However, it's the 38-year-old's back that's being talked about most at the opening of training camp.
Alfredsson took part in the team's first on-ice sessions Saturday after undergoing off-season surgery and came through in good shape, which is good news for a team and player looking to put a disastrous 2010-11 season in the past.
“I felt better than I expected,” said the veteran right-winger, who hasn’t played since February. “It’s a good first day and I’m real happy with it.”
The Senators organization will be, too, after Alfredsson was limited to a career-low 54 games last season – many of those played with a persistent back injury that eventually forced him to shut it down for good.
After dealing away a number of veterans before the trade deadline and clearing room for fresh faces to crack the lineup from Binghamton, the team’s American Hockey League affiliate, a healthy Alfredsson will provide a big boost to new coach Paul MacLean and the rebuilding process.
“That’s real good news for all of us if Daniel can come and play on our team every day,” said MacLean, who takes over from the fired Cory Clouston. “He’s still a National Hockey League player with super abilities and the players have a ton of respect for him, the league has a ton of respect for him, and that just makes us a way better team right away.”
Alfredsson managed just 14 goals and 31 points last year, his lowest total in the league since he broke into the NHL in 1995-96 by winning the Calder Trophy as rookie of the year.
The Senators also struggled, slumping to their worst finish since his first year after recording just 74 points and missing the playoffs for the second time in three seasons.
Despite the fact he’ll turn 39 in December, the NHL’s longest-serving captain (Alfredsson took over the Senators’ captaincy for the 1999-2000 season) still feel he has a lot to contribute and that served as motivation to get back into the lineup.
“That’s the deciding factor if you’re going to retire or not,” he said. “I still feel when I look back at last year that the most frustrating thing for an athlete is playing half-injured or injured. And for a long period of time where you’re not able to play at the level you want, so I wanted to give it a chance and come back and hopefully find my game where I think it can be and hopefully have a lot of fun doing it.”
Senators general manager Bryan Murray thinks Alfredsson also has plenty to offer to the rebuilding team, not just in goals and assists.
“I think Alfie being in the room, I think Alfie dressing for games, being part of the leadership core which he’s a very important part of, is critical, in particular with a young group,” Murray said. “He brings a credibility to the organization and obviously more than that. He has words for (the younger players), he demonstrates every day that he goes on the ice that you have to work hard and be competitive and I think that rubs off on young people.”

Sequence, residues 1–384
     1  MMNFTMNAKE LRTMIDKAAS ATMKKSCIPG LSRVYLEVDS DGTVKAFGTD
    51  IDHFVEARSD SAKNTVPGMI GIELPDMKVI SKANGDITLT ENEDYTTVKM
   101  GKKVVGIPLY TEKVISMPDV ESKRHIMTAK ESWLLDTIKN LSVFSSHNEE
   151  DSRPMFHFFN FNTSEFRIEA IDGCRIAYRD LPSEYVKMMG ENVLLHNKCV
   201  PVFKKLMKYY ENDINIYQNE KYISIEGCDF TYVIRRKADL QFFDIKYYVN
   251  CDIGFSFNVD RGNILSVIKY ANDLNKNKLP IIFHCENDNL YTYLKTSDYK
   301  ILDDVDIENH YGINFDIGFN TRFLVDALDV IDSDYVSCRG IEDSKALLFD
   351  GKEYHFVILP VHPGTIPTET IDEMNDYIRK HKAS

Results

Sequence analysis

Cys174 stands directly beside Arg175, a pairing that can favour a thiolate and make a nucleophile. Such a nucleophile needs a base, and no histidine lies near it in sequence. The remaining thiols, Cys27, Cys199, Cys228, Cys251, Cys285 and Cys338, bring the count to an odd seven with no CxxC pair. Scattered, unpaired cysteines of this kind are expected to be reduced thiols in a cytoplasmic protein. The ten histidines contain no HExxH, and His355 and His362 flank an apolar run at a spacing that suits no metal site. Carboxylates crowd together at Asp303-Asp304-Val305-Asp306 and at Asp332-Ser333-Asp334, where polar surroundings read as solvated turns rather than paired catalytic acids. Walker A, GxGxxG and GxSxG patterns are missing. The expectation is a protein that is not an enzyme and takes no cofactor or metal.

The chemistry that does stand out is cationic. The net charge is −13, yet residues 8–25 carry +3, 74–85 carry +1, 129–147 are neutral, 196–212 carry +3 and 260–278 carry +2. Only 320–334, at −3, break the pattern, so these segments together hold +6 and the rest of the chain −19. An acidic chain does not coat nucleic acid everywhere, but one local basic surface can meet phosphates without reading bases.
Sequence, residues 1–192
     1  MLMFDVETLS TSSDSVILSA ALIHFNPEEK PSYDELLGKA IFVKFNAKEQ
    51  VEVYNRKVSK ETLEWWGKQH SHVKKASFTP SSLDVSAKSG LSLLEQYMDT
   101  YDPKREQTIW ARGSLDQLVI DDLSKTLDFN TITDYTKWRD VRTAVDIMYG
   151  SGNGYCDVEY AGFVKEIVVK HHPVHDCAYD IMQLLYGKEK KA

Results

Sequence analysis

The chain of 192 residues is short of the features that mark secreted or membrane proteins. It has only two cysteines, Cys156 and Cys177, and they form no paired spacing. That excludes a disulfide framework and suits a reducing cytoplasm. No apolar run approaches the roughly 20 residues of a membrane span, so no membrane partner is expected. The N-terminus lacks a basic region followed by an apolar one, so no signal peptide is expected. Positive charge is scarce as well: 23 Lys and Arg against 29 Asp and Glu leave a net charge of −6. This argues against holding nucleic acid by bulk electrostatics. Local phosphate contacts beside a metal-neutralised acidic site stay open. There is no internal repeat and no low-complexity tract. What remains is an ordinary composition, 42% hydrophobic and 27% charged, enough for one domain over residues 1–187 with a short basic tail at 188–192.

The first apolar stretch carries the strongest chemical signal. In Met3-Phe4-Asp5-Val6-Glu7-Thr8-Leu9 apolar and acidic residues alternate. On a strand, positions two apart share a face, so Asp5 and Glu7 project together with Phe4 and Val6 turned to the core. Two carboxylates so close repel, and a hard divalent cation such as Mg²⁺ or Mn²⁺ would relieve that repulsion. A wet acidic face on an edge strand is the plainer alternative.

Alfredsson tried to avoid surgery over fear of it leading to other problems down the road, but when his back didn’t respond to rest and non-invasive types of treatment, he wasn’t left with any other options.
Although he always intended on coming back for a 16th NHL season, there was still the fear that his back may not stand up to the rigours of playing. He returned to the ice for informal workouts with other members of the Senators and other Ottawa-area pros in late August and was further encouraged by Saturday’s workout, which included a scrimmage.
“I was at the point where even if I was playing or not I’d have had to have the surgery, just for everyday life,” Alfredsson said. “So I was still comfortable and if that would have been the case, that I wouldn’t have been able to play, I would have been fine with that, too. But I’m obviously happy to be able to be here and still standing after the first day.”
Alfredsson said the muscles below his back still need to regain strength and he’s got to be careful about things like stretching.
He plans on playing at least three of the team’s seven exhibition games and the presence of the franchise’s all-time leader in games played (1,056), goals (389), assists (634) and points (1,023) didn’t go unnoticed by the newcomers.
“You’ve got to pinch yourself on the arm every time you see him on the ice,” Swedish forward Mika Zibanejad, the Senators’ first pick (sixth overall) in June’s NHL entry draft, said of taking to the ice with a player and compatriot he grew up idolizing back home. “It was a dream come true for sure.”Suggest a correction